James Madison Papers

To James Madison from Edward Carrington, 24 December 1790

From Edward Carrington

Richmond Decr. 24. 1790

My dear Sir

The uncertainty of a letters getting to hand occasioned me not to write you while in Virginia. Yours of the 29th. of August last,1 I recd. in the Post Office, and immediately applied to Mr. Davis in order to comply with your request respecting him, but your Brother had, a few days before, anticipated me in the business. This circumstance leaves me your debtor for 7 Dols. & ¼—which, being reducible to a small compass, I now inclose. The busts have arrived here in very good order and I will take some good opportunity by a returning Orange Waggon to send yours up.

You have doubtless seen the resolutions of our Assembly upon the subject of assumption2—it was a business upon which a calm & deliberate body might have said much, and with some effect, but the intemperance marked in every sentence of this proceeding, takes from it, even amongst the people of the Country, much of its weight, and perhaps places Congress on the least unpopular side of the question. As to the constitutionality of this business there never existed in my mind a doubt, nor have I ever considered the measure ineligible on a just plan. The States were how[e]ver so unequally situated with respect to it, that such a plan could not be formed without more special accommodations than could be embraced in a general system.

The Assembly have agreed to pay another years Interest on the Military debt, but it is likely that so great a reduction of Taxes will be made, as to leave an insufficiency for the purpose.

I suppose the Judiciary system reported by the Attorney Genl will be printed for the perusal of the members, should this be the case I will thank you to inclose me a Copy,3 and I shall be happy in your Continuing to inclose me the papers and to Write when convenient, being with great sincerity & Truth yr Affe. Freind & Hl St.

Ed Carrington

pd. Capt. Bunyan 14/. Stg. 3 dols.
pd. Freight of the Bust 5 ¼
8 ¼
pd. by E. C. for Frt. of
Bust from N. Y—J. Ms. pt. 1.  
due J. M. 7 ¼ which is here inclosed.

RC (DLC); Tr (NN).

1Letter not found.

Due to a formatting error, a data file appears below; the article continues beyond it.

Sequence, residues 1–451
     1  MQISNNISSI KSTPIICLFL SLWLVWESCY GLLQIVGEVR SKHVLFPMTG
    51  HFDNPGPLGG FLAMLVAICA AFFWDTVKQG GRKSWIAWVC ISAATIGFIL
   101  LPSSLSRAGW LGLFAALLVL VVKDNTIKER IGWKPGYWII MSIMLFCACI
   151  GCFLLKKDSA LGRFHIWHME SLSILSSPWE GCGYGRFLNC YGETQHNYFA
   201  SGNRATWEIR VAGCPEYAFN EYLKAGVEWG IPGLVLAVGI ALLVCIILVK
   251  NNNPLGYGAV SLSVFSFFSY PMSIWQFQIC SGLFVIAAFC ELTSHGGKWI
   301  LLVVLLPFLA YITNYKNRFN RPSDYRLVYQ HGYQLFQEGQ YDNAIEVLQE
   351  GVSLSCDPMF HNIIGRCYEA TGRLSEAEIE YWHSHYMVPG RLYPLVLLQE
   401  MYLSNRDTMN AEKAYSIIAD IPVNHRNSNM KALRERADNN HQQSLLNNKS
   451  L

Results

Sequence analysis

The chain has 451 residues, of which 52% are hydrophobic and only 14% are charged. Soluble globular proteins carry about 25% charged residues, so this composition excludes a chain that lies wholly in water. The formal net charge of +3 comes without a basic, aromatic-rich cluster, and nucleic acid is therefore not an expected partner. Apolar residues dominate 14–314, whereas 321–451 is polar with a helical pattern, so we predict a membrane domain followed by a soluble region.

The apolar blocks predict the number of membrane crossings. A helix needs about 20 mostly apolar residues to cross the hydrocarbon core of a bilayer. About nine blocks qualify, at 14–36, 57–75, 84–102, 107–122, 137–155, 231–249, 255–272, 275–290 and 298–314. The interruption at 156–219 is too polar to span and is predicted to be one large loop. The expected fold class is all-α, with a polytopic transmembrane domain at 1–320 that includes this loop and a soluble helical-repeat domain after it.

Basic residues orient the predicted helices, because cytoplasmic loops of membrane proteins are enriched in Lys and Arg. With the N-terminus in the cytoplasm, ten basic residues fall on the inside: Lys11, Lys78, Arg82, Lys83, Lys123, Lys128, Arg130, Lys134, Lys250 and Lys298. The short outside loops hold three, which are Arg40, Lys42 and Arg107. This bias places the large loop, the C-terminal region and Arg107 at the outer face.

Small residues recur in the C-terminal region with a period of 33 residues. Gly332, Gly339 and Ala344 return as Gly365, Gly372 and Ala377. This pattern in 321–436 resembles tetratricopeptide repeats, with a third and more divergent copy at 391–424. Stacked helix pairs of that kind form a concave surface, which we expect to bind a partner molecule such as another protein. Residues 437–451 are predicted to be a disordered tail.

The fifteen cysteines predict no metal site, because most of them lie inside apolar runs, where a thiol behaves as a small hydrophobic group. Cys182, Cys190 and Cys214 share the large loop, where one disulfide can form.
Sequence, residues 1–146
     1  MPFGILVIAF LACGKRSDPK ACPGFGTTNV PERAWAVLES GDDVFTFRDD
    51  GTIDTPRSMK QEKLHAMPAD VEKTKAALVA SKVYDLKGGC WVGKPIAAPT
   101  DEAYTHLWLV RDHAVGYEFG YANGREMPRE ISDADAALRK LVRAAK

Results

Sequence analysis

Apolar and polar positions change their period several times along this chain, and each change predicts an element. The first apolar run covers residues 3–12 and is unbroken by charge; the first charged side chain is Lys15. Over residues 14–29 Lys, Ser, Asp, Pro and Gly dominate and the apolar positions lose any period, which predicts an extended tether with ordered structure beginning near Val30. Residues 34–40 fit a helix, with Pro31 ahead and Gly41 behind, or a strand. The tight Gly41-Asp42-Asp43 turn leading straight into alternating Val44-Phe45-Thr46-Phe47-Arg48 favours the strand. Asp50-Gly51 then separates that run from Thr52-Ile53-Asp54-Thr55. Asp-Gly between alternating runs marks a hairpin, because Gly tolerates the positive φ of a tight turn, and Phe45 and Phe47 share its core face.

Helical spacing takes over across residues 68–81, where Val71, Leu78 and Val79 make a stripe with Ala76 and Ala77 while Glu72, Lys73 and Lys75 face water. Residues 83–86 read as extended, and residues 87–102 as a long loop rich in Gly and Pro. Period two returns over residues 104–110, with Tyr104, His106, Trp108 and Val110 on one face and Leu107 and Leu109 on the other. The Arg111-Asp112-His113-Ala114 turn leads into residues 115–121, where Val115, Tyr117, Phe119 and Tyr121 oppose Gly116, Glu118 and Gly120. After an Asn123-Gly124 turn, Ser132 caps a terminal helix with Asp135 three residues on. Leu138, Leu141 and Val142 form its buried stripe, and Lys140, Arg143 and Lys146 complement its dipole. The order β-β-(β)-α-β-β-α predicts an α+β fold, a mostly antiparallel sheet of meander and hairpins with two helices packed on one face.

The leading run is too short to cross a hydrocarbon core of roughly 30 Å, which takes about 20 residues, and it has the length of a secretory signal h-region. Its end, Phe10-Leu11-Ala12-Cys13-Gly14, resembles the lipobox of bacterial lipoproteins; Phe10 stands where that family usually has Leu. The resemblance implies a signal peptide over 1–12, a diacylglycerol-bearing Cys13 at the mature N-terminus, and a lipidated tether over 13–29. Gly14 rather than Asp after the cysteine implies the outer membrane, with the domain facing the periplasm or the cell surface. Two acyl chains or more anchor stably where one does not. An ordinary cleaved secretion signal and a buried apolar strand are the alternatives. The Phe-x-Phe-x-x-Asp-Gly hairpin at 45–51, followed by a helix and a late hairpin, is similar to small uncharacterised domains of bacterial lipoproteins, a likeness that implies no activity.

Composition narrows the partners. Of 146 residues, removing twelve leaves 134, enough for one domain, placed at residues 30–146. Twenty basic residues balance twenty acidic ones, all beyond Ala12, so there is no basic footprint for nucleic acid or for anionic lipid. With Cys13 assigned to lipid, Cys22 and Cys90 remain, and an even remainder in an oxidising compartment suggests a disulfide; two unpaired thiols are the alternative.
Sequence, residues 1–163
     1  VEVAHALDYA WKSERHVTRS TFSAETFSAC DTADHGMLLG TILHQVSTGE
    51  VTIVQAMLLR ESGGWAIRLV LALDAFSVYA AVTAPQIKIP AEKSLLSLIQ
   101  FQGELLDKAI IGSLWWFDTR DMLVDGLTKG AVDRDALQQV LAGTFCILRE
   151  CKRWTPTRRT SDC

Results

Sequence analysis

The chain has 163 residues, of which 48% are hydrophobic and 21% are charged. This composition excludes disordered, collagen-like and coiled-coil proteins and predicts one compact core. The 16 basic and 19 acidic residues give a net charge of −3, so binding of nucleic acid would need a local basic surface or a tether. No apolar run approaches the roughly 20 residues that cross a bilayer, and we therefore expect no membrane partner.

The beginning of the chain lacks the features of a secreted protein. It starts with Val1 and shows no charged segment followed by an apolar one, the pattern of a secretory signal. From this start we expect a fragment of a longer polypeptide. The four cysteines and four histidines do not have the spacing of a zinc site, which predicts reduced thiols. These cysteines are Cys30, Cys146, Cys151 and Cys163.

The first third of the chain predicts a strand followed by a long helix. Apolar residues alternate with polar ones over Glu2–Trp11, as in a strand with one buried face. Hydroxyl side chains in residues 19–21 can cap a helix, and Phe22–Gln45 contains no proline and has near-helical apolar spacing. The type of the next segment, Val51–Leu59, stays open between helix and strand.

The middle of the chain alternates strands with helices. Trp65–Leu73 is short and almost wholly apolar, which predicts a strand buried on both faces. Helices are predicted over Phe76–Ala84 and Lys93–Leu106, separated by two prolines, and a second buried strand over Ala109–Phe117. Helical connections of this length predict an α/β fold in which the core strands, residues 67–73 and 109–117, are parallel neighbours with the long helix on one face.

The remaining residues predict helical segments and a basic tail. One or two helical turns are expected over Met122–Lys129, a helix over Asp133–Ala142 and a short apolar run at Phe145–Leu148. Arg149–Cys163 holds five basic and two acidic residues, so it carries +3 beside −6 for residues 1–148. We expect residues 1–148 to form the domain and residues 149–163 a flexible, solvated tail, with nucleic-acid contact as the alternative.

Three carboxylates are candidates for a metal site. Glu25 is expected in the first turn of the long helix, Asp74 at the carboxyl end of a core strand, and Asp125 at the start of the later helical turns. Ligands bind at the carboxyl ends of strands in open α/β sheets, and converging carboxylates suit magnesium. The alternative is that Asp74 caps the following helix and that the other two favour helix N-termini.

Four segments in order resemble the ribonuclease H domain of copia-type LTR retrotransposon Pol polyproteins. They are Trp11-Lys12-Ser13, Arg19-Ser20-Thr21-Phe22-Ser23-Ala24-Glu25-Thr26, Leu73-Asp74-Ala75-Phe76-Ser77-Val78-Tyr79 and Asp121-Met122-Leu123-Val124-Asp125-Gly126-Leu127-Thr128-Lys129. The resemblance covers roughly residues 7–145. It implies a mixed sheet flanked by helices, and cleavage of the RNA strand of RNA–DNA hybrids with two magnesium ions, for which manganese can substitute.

2The memorial of the Virginia General Assembly, which passed the House on 16 Dec. and the Senate on 23 Dec., denounced assumption as “a measure which … must in the course of human events, produce one or other of two evils, the prostration of agriculture at the feet of commerce, or a change in the present form of fœderal government, fatal to the existence of American liberty” (Hening, Statutes description begins William Waller Hening, ed., The Statutes at Large; Being a Collection of All the Laws of Virginia, from the First Session of the Legislature, in the Year 1619 (13 vols.; Richmond and Philadelphia, 1819–23). description ends , XIII, 237–39). Francis Corbin was chairman of the committee (which also included Patrick Henry and Henry Lee) that drafted the memorial (JHDV description begins Journal of the House of Delegates of the Commonwealth of Virginia; Begun and Held at the Capitol, in the City of Williamsburg. Beginning in 1780, the portion after the semicolon reads, Begun and Held in the Town of Richmond, in the County of Henrico. The journal for each session has its own title page and is individually paginated. The edition used is the one in which the journals for 1777–1790 are brought together in three volumes, with each journal published in Richmond in either 1827 or 1828, and often called the “Thomas W. White reprint.” description ends , Oct. 1790, pp. 44, 80–81, 140–41).

3Edmund Randolph’s Report of the Attorney-General. Read in the House of Representatives, December 31, 1790 (Philadelphia, 1791; Evans description begins Charles Evans, ed., American Bibliography … 1639 … 1820 (12 vols.; Chicago, 1903–34). Roger P. Bristol, ed., Supplement to Charles Evans’ American Bibliography (Charlottesville, Va., 1970). description ends 23908), reprinted in ASP description begins American State Papers: Documents, Legislative and Executive, of the Congress of the United States … (38 vols.; Washington, 1832–61). description ends , Miscellaneous, I, 21–36.

Index Entries